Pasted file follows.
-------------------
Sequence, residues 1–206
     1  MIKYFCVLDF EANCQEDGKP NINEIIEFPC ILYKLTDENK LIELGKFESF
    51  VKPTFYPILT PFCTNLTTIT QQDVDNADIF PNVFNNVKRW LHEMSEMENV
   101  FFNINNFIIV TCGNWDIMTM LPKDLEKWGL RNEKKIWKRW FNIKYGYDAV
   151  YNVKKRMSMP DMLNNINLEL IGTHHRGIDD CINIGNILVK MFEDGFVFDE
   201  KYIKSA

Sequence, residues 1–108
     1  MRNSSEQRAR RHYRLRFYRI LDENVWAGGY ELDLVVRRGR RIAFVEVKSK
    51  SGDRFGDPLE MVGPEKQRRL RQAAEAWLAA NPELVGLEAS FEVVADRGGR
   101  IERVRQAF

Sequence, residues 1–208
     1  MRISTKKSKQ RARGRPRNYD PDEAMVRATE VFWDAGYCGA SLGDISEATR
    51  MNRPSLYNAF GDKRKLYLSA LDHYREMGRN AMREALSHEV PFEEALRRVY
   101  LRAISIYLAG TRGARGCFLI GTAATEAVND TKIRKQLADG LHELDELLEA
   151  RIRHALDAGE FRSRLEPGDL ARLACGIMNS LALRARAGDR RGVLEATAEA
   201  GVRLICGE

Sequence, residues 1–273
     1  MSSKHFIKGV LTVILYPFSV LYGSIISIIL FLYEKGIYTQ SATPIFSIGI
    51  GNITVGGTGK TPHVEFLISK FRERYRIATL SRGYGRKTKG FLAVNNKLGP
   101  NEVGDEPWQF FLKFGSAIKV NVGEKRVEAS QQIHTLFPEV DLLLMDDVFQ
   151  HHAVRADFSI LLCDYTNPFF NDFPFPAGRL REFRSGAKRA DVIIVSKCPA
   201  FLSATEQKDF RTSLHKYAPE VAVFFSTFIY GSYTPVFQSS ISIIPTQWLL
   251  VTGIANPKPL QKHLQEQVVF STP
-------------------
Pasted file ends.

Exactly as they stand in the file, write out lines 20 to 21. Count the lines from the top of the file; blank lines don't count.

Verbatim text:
   101  NEVGDEPWQF FLKFGSAIKV NVGEKRVEAS QQIHTLFPEV DLLLMDDVFQ
   151  HHAVRADFSI LLCDYTNPFF NDFPFPAGRL REFRSGAKRA DVIIVSKCPA